A bunch of drips just got their ticket to stardom. Weiyu Ran and colleagues from Clemson University in South Carolina have levitated droplets of water using an ultrasonic field – and then messed with the field to give the drops starry spikes (see video above).
First the researchers increase the strength of the field, which flattens the floating drops into discs. They then turn the drops into stars by tuning the field to the resonant frequency of the drops – or exact multiples of that frequency. Using a particular multiple produces a star with the corresponding number of spikes.
The starry shapes may look cool but have no known use. However, Ran's team produced them while playing with a set-up that makes drops hover, with the aim of coming up with new ways of removing particles from air. In mines, for example, sprays are commonly used to eliminate dust. However they aren't effective at removing tiny, micrometre-sized particles that are harmful to lungs.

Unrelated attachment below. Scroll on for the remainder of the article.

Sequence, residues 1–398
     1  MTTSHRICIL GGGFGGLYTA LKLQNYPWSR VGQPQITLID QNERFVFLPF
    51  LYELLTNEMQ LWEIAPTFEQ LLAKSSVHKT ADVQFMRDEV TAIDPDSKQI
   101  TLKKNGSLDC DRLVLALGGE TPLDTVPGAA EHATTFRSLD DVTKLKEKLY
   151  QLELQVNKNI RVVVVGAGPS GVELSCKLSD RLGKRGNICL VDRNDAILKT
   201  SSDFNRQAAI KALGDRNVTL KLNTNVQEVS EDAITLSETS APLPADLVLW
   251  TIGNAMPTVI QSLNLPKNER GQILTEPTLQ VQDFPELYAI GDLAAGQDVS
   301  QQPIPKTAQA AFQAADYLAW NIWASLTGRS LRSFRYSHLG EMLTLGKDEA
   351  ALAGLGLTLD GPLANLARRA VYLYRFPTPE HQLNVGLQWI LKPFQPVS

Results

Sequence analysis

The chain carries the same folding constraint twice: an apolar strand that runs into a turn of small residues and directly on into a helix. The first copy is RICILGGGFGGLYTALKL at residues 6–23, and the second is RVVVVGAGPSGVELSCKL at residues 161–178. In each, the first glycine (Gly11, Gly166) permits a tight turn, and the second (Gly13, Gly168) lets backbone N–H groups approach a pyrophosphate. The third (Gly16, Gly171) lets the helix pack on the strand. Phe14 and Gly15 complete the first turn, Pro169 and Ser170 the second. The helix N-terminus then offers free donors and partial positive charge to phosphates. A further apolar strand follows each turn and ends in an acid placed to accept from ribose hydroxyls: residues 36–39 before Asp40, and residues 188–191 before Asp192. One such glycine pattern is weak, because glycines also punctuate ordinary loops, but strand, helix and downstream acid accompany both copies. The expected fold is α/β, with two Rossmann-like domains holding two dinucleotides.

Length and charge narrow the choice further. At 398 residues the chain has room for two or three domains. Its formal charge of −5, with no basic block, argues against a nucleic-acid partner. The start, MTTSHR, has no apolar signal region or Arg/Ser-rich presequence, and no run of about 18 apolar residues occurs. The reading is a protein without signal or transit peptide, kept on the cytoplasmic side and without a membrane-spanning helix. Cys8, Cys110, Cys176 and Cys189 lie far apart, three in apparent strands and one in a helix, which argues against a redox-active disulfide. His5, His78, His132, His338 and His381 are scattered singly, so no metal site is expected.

The team's device is too small for such applications – and would need to be scaled up. "Using current techniques would require excessive power so an alternate design would be needed," says team member John Saylor. "It's a proof of concept."
The research will be featured at the American Physical Society's Division of Fluid Dynamics meeting in Pittsburgh, Pennsylvania, next month.
Messing with an ultrasonic field in just the right way can levitate, flatten and then add starry spikes to water droplets
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